Today marks one week since I got on the plane bound for Rwanda! All the other Peace Corps Trainees (PCTs) and I agree that it feels like we’ve been here so much longer than only one week!
Staging in Atlanta last Tuesday was largely uneventful, and on Wednesday we began the long trek to Africa. The flights were fine but really long, and finally after 27 hours of traveling, including 17 hours of flying, we finally arrived at the Peace Corps compound in Kigali. We were welcomed by several current Peace Corps Volunteers (PCVs) and the next two days were filled with information sessions about medical issues, safety and security, how to set up bank accounts, and a brief language lesson.
On Saturday, we left Kigali and set off for our training site, which is about an hour outside of the city. The ride took us through beautiful, rolling mountains on very dusty, narrow roads. It was raining when we arrived at our main training site where we were to be introduced to our new host families. As our vans pulled into town, one child ran outside and started jumping up and down yelling, “Peace Corps has arrived! Peace Corps has arrived!” Soon many other children were lined up along the road yelling, “umuzungu,” or “foreigners.”
All the PCTs filed into a large tent where our host families were waiting on one side to meet us. Ceremoniously, each host families name was called followed by the name of their PCT guest, and both met in the middle of the tent and embraced and shook hands. It was very exciting and fun as everyone was clapping, cheering, and laughing!
So far living with the host family has been very interesting and enjoyable. I’m living with Papa Marcel and Mama Marie Claire. They have eight children, four of whom, two boys and two girls, live at home still. The children know some limited English from school, so most everything is done in Kinyarwanda. Mostly I just repeat words back since I don’t know how to say much at this point. Today, though, I managed to start stringing together some basic sentences! I also work on flash cards with Diane, and she enjoys reading through her Kinyarwanda-English-French dictionary with me. They are all patient with me, but they often find my mispronunciations of words amusing.
I’ve also lost count of the number of rounds of UNO I’ve played since giving them the cards. I apparently didn’t pantomime skip, draw two, or reverse well enough because those rules are always ignored, but oh well, they love it anyway. Maybe one day I’ll be able to clarify the rules!
Our house, like most in this village, has electricity, but it goes out intermittently at night. I live in the main house with the parents, and the children live next door by themselves. We spend most of the time in the yard between the houses, which is complete with kitchen and cow pen. At night it also becomes home to a chicken and a goat!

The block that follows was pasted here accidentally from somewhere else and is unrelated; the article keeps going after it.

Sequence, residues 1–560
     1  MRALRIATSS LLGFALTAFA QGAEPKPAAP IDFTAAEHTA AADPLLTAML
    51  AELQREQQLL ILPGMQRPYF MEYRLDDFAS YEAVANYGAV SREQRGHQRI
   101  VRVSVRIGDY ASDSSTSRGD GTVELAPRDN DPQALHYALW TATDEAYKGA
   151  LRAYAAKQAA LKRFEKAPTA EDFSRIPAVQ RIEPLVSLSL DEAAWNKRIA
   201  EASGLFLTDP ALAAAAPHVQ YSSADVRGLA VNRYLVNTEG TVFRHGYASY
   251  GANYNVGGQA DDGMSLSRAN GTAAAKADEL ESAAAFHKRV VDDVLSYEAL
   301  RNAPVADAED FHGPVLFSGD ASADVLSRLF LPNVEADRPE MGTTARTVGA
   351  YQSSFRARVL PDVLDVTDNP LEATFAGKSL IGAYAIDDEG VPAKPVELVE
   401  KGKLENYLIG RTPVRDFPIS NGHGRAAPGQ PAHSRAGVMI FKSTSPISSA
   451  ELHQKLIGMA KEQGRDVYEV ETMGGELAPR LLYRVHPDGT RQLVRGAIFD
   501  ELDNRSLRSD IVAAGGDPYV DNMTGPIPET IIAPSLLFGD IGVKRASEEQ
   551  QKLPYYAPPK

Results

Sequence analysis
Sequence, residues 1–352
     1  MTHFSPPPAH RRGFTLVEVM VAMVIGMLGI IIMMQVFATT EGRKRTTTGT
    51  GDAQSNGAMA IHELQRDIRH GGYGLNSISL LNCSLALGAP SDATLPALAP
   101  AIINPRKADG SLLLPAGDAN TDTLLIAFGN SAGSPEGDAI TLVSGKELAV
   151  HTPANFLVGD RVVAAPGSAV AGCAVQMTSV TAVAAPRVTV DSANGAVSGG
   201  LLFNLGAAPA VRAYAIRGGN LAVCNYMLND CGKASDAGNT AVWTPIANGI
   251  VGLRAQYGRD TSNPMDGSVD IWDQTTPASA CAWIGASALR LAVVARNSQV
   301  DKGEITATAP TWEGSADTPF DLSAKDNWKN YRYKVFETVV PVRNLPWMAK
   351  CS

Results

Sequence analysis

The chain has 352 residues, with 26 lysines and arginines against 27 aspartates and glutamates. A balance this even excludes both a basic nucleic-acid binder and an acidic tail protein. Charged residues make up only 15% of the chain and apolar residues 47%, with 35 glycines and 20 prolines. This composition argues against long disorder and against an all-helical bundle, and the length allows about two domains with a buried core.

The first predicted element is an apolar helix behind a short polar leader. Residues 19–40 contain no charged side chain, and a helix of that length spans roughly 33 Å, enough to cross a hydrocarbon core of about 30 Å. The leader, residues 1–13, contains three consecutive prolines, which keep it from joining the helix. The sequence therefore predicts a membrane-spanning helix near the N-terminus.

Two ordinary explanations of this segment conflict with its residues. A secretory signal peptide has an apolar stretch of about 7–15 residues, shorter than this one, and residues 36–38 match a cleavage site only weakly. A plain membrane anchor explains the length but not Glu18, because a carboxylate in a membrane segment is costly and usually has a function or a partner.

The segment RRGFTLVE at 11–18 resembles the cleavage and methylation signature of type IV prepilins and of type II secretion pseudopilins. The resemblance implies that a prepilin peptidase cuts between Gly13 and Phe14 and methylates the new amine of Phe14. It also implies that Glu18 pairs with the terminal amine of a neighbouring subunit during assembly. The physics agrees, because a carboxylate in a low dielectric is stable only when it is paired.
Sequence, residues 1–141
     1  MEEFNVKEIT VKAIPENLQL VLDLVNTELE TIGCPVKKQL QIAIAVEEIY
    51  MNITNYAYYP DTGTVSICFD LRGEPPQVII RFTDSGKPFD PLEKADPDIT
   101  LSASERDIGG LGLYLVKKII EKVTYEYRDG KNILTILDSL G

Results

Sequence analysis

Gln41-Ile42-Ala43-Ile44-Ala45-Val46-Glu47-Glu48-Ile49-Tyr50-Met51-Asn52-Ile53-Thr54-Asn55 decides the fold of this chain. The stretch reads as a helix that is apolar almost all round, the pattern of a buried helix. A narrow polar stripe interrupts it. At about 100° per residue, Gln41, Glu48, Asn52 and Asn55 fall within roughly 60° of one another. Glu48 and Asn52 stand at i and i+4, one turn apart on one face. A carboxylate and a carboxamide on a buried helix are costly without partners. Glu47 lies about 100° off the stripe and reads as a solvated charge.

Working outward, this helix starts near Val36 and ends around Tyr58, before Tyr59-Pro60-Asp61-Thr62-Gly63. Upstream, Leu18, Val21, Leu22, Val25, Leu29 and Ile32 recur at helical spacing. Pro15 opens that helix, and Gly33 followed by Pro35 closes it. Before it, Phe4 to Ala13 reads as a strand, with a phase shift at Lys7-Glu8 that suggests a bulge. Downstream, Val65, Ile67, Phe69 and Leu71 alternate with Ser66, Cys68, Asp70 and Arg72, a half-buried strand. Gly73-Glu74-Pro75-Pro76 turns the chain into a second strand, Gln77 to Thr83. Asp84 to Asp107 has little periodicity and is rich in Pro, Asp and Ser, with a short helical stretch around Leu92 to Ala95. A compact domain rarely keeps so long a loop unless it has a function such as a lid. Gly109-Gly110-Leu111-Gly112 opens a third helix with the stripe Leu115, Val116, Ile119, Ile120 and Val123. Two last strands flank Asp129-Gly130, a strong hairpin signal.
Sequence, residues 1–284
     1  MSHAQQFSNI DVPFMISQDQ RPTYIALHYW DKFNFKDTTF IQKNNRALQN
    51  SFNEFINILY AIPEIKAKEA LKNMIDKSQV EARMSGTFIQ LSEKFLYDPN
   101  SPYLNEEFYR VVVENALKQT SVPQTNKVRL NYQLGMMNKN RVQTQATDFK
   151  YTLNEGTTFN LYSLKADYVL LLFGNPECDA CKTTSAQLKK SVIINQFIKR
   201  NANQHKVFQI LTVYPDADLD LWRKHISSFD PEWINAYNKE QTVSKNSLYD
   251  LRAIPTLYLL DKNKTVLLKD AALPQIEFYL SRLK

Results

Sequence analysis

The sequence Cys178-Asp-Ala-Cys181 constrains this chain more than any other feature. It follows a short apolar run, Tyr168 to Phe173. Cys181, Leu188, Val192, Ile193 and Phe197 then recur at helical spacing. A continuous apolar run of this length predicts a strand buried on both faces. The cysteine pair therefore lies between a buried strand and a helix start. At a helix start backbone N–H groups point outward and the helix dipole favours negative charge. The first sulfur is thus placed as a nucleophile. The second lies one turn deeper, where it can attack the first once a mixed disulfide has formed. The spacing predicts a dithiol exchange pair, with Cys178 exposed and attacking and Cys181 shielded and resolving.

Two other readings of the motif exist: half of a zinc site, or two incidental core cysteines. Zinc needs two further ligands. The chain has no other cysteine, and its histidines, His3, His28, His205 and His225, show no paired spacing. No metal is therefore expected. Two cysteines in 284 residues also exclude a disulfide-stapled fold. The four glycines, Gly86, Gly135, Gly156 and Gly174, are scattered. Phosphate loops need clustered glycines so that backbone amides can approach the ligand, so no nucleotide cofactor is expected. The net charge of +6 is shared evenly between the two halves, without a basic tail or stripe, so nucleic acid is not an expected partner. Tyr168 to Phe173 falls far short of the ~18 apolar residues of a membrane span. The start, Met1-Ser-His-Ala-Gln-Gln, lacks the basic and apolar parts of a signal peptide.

The house is on the side of a hill, with a beautiful view of the countryside. Down the hill along a very steep, narrow, and rocky path is the well where everyone gets their water. The first day, I grabbed my PC issued jerry can and accompanied my host sister, Diane, down to the well. Unfortunately, the jerry can is huge and weighs a ton when filled. I figured I would just carry it up by hand, but according to Rwandan culture, I was expected to carry the 30 pounds of water up the hill on top of my head. Needless to say, that didn’t go very well. I made it about half way before I was huffing and puffing and gave up. Luckily for me, my host brother, Damascene, was nice enough to help me the rest of the way.
Now that training has started, my days are split between language lessons and technical lessons. Language lessons are held in our villages, and three PCTs work with one teacher for several hours every day. We drill vocabulary and have so far learned how to greet people and to introduce ourselves and others. During the breaks from lessons, my teacher, fellow students, and I play volleyball with local children in the road. We have a blast every day and the kids are hilarious and cute.
When not in language lessons, all the PCTs come together in our main site where we learn about culture, teaching, safety, and medical issues. For example, Monday we had an information session about malaria and other febrile diseases, and I am proud to say I am now well versed in the symptoms and treatment of malaria, yellow fever, typhoid, and dengue fever. Friday we get to look forward to a two-hour session just on diarrhea and nutrition. (I know you’re jealous!) In more exciting and less disgusting sessions, we’ll start learning about writing lesson plans and will eventually teach in a model school for practice.
Overall, things have been off to a good and steady start. I really enjoy spending time with my fellow PCTs, and I look forward to getting to know them even better as time goes along. I want to upload pictures, but my internet is being impossibly slow. Miss everyone at home, xoxo.